In my last post, I mentioned that I’ve only driven my car 10,000 miles in the last three years. A reader asked whether I’d considered getting rid of the car all together, and I thought that our conversation deserved its own post, in case some people had missed it in the comments section. This was my response to Henry:
“You bring up a good point, and getting rid of my car is something I’ve considered. However, I can’t see a way that it would make sense, financially or practically. Pretty much the only time I need to use it is when I go to the city about ten miles from here. We’ve tried riding our bikes in there, but the only roads into town are fast, with small shoulders, and we just don’t feel comfortable on them. There is no public transportation between here and there. And there are no places to rent a car in our town. I wouldn’t feel comfortable borrowing a neighbor’s car – we know our neighbors well enough to say hi and chat for a while, but borrowing someone’s car (for me anyway) would require a lot closer relationship than that.
I did the math a while back about how much my car is costing us. I always average at least 32 mpg, city and highway combined. If we were to borrow or rent a car for the 3000 miles I drive each year, we’d still have to pay for that gas (and there’s no public transportation here, so that’s not an option). I pay $250/year for insurance, and $65/year for registration. And in the seven plus years that we’ve owned my car, we’ve spent less than $1500 total in maintenance (including a new windshield, as the original one was cracked when we bought the car). So my car is costing us just over $500/year plus gasoline costs. (We paid $2300 cash for the car in 2003, so there has never been any monthly cost associated with buying the car).
It’s hard to see how we could get rid of the car and come up with an alternative way of getting around when we need to leave our town, that would cost less than $500/year. I’ve read that the average American spends something like $8000/year on a car, and in that case, I’m sure there are much more financially practical options. But I’d say I’m on the low end of the scale in terms of transportation costs, and there just aren’t that many other alternatives in a town with no car sharing program, no rental places, and no public transportation.”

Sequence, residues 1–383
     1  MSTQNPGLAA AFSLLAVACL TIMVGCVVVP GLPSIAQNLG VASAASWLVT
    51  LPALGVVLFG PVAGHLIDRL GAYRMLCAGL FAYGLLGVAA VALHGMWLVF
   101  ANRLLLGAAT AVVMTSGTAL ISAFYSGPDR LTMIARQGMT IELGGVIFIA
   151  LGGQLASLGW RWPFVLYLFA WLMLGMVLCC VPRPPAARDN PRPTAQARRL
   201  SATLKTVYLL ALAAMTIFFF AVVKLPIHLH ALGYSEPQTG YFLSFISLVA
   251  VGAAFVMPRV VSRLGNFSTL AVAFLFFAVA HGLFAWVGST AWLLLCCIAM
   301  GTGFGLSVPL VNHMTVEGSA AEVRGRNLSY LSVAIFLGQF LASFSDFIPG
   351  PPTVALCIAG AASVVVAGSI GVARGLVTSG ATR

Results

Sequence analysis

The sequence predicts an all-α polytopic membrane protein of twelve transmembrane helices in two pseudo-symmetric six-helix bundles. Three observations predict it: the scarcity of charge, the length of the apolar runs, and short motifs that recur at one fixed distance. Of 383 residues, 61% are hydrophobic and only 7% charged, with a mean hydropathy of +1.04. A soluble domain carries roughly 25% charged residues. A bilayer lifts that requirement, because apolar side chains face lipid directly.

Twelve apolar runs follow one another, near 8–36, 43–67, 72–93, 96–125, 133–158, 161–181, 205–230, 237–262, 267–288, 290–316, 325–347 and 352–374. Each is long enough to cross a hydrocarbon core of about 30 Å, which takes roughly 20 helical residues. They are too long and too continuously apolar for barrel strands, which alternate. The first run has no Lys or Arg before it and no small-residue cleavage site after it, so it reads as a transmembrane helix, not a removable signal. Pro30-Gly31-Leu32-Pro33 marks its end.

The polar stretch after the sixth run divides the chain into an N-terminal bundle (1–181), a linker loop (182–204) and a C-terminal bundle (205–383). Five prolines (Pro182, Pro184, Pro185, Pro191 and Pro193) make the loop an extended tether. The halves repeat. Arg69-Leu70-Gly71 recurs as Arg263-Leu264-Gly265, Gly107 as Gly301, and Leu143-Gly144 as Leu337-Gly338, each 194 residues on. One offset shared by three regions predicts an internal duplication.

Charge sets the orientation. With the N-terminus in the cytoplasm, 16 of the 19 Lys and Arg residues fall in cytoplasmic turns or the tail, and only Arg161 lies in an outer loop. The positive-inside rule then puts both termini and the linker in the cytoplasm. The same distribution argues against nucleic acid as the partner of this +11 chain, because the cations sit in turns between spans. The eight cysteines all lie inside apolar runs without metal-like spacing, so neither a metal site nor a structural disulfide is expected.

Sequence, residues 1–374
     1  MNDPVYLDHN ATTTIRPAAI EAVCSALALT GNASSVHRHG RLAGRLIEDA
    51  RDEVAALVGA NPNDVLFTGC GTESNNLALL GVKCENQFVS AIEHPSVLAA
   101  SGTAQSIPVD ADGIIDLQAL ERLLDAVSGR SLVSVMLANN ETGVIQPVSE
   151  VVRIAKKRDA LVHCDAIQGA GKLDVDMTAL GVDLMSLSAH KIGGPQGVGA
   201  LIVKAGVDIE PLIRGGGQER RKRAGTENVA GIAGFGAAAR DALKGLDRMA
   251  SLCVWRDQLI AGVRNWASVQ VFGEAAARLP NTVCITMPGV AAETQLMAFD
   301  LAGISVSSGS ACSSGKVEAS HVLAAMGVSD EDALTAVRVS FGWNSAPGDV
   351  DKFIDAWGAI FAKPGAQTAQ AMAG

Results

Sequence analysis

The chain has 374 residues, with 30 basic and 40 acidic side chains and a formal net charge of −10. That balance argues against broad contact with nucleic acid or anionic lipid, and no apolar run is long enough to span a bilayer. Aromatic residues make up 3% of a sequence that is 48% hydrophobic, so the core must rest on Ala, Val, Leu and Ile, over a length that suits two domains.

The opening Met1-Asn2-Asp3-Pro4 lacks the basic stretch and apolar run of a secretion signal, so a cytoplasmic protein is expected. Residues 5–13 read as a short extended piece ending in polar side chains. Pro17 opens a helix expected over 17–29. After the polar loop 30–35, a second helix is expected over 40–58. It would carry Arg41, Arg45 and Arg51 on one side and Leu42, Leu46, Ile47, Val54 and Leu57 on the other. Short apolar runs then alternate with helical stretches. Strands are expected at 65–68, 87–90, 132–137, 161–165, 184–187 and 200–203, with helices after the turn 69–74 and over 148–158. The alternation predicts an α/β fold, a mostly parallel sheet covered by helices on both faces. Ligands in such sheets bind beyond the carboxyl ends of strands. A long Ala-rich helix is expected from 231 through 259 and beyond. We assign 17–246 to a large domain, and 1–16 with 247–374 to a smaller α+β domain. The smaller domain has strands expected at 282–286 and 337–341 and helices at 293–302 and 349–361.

Henry replied with a perspective about how much his own car used to cost, living in Europe, and how much better his life is now that he no longer has the car (a common theme that I hear quite a bit from other car-free folks):
“I keep forgetting just how cheap cars are to run in the US. I don’t know whether this makes you all very lucky or very unlucky. The maths you gave would be quickly dismissed as hopelessly naïve and the worst kind of wishful thinking in Europe. $500 a year!! I live in Austria – let me share my equivalent calculations for the car I used to have (2005 VW Sharan). The car was €23,000 when I bought it back in 2007. Since then it depreciated to €15,000 when I sold it a few months ago. I averaged 7 litres per 100km (Google says that’s 33.6 mpg in your language) and drove about 15,000 mostly unnecessary kilometres annually. At €1.20/litre (very approx. $6.50/gallon) that’s quite expensive. Because we had a small knock a couple of years back, our insurance was €1,712 (not a typo!) last year. I have averaged about €1,200 in annual servicing costs and for things like new winter tyres and a new air conditioning system. We also have motorway vignettes, annual parking fees in our town, etc.
The thing is, although I’m not exactly rich, I could afford it easily, so never questioned whether it represented value for money. When I started taking my finances by the scruff of the neck earlier this year, I was shocked at how much it cost to run – the best part of €8,000 a year! I knew cars were expensive, but I didn’t realise that it was such a drain on me. To top it all off, most of the driving I was doing was to out of town clients so that I could earn enough money to pay for the car. The money I was making by going out to them almost exactly balanced the cost of the car. I got rid of the car and the clients and am in the same shape financially, even when the cost of the occasional taxi or car hire is included. This means I now have time to play football (soccer) in the park with my kids and I also have one less thing in my life to worry about. I love how liberating it is to get rid of stuff.